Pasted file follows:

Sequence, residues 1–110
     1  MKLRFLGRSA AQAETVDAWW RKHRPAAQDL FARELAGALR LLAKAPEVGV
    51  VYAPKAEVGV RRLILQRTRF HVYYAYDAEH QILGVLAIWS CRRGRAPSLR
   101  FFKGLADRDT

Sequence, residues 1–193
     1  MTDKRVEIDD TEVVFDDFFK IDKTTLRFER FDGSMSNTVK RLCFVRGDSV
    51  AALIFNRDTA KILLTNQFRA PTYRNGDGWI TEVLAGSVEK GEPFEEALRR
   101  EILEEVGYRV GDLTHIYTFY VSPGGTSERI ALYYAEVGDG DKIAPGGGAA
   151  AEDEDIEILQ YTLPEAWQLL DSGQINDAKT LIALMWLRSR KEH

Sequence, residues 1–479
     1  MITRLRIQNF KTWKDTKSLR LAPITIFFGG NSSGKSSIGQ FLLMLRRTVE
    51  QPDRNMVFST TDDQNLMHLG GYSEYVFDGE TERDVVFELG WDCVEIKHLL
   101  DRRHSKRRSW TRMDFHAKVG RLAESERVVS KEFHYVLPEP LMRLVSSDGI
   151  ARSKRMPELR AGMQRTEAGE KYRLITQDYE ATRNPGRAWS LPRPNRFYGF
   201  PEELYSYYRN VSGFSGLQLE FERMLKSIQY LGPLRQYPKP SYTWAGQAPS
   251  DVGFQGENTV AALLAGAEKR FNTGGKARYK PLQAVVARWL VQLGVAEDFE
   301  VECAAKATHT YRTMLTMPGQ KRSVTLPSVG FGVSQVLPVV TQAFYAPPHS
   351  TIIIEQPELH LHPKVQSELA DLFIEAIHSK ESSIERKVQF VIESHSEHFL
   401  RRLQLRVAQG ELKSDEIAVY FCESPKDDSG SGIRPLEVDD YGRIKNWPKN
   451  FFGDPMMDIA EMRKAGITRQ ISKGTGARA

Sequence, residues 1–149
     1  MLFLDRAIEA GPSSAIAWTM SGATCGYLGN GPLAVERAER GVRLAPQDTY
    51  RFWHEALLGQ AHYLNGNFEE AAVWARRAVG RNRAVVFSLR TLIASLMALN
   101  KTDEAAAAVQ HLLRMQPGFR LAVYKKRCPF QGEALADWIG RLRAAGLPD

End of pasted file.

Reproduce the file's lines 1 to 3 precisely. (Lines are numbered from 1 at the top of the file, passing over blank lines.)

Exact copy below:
Sequence, residues 1–110
     1  MKLRFLGRSA AQAETVDAWW RKHRPAAQDL FARELAGALR LLAKAPEVGV
    51  VYAPKAEVGV RRLILQRTRF HVYYAYDAEH QILGVLAIWS CRRGRAPSLR